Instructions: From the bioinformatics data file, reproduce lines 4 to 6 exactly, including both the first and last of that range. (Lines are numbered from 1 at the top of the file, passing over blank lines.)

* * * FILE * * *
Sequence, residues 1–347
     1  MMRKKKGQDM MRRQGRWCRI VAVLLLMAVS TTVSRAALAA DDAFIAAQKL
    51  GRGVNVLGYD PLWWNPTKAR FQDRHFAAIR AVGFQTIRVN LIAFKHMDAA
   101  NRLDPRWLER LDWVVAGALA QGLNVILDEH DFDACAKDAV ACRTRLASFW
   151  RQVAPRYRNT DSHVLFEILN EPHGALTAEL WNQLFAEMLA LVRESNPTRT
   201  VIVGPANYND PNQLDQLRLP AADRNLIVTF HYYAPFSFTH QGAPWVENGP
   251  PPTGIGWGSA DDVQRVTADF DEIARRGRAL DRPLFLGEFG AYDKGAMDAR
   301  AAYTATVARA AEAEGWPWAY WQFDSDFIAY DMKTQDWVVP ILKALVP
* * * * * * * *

   101  NRLDPRWLER LDWVVAGALA QGLNVILDEH DFDACAKDAV ACRTRLASFW
   151  RQVAPRYRNT DSHVLFEILN EPHGALTAEL WNQLFAEMLA LVRESNPTRT
   201  VIVGPANYND PNQLDQLRLP AADRNLIVTF HYYAPFSFTH QGAPWVENGP